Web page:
Writing a novel is the fun bit – you let your imagination roam, you live in a half-daydream state rich with colour and imagery. Your days are spent doing what you love best in the world – playing with words, expressing your inner self, conjuring up a world that makes you fizz with longing, excitement and attraction.
Then comes the editing. Now the author must take off her cape of romanticism and dreaming and getting lost in the rhythms and flow of the language, and don her sensible, structural, organisational, critical hat. It’s a hard transition to make, but essential for the best end result.
|Literary Gift Company mug|
When I write a novel, I separate the writing and the editing phases, to allow me to change tack successfully. I immerse myself in writing for months and months, and during the writing I do a little editing, but I save the bigger picture work until later. Once I finish writing the book, I usually put it away for a period of time – a few weeks, or perhaps more – before revisiting it and re-reading it three times. I look at aspects such as setting, characterisation, pace, structure, plot and language. This stage necessitates plenty of coffee. (I recently came across the Literary Gift Company’s mug on which is written Go away I’m writing editing, which I think will be ideal to get me through the revision phase!)
Then comes the difficult step of giving the manuscript to others, and requesting their feedback. I’ll ask friends and family to read the book, especially those with experience in writing. I value their input, and I carefully consider all suggestions. Some I may carry forth; some I may reject.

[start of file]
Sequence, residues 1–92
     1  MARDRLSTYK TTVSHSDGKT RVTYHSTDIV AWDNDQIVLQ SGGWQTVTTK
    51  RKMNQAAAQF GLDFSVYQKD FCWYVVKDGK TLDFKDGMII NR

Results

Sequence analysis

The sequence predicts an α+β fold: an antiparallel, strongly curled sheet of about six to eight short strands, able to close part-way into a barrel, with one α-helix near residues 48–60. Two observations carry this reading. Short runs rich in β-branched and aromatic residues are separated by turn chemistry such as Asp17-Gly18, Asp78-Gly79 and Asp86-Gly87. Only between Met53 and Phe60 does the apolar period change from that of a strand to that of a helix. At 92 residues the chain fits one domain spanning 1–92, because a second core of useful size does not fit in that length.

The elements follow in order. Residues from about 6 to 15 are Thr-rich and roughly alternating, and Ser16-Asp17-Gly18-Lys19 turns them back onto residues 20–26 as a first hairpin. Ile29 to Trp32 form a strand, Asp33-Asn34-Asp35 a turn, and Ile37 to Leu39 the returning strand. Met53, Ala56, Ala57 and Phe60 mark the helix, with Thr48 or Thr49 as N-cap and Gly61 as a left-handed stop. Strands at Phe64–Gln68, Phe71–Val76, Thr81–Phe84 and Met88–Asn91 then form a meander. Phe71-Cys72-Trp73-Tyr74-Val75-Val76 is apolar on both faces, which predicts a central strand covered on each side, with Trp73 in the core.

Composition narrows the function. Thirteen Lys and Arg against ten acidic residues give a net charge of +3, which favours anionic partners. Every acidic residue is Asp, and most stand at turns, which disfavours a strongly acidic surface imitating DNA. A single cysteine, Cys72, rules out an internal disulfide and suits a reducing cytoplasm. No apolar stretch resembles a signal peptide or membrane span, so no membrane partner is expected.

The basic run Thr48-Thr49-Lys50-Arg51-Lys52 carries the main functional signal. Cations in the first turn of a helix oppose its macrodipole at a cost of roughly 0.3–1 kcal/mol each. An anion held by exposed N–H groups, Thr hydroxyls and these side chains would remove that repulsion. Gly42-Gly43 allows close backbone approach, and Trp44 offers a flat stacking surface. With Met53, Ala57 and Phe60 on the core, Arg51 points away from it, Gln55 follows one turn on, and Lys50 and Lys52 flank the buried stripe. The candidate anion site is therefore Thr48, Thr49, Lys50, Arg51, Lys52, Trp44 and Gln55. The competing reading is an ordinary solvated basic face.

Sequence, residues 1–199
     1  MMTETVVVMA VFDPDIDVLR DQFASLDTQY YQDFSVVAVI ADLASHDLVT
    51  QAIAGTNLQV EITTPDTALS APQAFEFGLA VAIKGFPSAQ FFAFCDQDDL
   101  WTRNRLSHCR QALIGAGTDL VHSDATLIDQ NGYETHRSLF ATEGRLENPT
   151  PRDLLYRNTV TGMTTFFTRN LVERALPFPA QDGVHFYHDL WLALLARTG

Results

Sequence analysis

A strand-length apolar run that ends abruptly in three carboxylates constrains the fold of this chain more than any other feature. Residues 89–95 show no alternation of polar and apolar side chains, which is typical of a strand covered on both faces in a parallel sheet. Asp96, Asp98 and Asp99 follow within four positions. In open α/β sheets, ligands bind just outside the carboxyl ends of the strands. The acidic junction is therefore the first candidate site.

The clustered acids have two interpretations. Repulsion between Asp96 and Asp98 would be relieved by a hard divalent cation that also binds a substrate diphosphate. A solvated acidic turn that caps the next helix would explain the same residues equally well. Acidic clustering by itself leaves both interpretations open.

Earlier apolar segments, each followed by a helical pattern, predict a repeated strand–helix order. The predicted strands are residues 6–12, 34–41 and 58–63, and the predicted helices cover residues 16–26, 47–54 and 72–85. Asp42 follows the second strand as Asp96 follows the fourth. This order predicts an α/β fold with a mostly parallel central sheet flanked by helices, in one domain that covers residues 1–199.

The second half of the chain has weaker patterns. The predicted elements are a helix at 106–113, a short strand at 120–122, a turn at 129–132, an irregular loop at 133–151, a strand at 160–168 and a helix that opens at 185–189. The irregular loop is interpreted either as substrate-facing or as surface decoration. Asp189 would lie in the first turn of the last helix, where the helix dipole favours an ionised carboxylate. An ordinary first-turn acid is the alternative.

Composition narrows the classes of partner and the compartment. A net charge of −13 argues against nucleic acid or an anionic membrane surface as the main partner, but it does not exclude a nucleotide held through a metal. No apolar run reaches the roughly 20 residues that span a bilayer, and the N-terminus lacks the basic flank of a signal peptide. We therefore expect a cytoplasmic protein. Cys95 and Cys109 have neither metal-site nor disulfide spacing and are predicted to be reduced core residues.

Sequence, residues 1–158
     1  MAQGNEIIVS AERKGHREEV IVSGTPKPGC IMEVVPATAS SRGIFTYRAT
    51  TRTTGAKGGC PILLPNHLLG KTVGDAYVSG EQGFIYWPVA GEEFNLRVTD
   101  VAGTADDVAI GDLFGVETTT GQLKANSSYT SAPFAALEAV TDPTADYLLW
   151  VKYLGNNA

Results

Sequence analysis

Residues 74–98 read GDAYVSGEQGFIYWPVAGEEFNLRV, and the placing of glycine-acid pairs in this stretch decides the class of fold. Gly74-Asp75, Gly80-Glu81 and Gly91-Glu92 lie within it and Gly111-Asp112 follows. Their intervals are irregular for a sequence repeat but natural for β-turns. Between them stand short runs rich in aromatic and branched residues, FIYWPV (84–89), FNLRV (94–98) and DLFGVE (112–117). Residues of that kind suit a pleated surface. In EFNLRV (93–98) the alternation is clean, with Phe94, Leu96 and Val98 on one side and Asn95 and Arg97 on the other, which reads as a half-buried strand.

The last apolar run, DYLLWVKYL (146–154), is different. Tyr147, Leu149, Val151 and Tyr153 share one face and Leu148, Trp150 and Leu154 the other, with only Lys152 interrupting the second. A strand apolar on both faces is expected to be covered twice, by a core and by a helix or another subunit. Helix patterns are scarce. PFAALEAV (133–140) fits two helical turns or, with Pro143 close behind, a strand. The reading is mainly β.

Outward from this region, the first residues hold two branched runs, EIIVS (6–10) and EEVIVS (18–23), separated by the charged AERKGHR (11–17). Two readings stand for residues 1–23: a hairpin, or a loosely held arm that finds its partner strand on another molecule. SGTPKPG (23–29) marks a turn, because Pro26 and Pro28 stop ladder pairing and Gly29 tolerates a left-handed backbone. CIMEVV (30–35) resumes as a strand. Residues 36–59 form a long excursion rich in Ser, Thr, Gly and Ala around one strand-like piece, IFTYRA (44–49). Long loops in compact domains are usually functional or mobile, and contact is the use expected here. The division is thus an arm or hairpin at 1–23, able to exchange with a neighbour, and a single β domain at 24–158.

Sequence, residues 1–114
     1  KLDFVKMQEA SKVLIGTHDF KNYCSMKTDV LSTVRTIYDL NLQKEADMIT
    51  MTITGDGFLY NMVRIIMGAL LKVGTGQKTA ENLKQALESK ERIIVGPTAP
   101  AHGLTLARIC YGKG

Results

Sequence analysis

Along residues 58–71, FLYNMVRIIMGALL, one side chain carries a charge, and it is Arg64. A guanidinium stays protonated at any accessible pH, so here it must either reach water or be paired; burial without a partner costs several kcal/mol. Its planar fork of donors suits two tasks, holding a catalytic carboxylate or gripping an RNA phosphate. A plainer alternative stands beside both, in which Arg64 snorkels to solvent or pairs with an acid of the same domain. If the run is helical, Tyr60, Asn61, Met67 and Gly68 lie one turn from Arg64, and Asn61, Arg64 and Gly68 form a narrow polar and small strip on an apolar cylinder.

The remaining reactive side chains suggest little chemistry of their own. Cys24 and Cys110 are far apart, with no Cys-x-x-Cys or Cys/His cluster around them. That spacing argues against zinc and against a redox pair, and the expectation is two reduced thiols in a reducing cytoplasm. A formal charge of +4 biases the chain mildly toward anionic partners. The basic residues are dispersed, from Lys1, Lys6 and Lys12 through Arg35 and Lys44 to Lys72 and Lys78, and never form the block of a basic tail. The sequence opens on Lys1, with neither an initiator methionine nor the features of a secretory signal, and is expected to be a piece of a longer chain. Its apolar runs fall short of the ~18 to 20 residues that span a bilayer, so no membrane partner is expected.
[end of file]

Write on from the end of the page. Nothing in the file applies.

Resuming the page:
Then comes the really intensive editing phase – that which is carried out by the professional editor in the publishing house. The editor has a fresh view on the book, and a wealth of experience, so I respect and appreciate her recommendations. During the edit we tweak the text here and there until we’re both happy with the final manuscript.
The editing process, therefore, is a lengthy one, and is not for the faint-hearted! It’s not always easy to let go of a passage of text you so enjoyed writing and love to read, but as an author you need to be able to step back and see how that passage works against the whole of the book. As Robert Louis Stevenson said, ‘There is but one art, to omit.’
I put any cut material that I really like into a ‘Maybe in a future novel’ file, so it’s not lost forever, just moved. Perhaps one day I’ll post some of the passages that didn’t make the final edit on this blog: a kind of ‘extra’ like you find on a DVD.
To close, I’ll leave you with some of my favourite quotes on editing which I kept close by while working through Burning Embers revisions.
- The work was like peeling an onion. The outer skin came off with difficulty… but in no time you’d be down to its innards, tears streaming from your eyes as more and more beautiful reductions became possible. – Edward Blishen
- When in doubt, delete it. – Philip Cosby
- In art economy is always beauty. – Henry James
- The difference between the right word and the nearly right word is the same as the difference between lightning and the lightning bug. – Mark Twain
- Re-writing ripens what you’ve written. – Duane Alan Hahn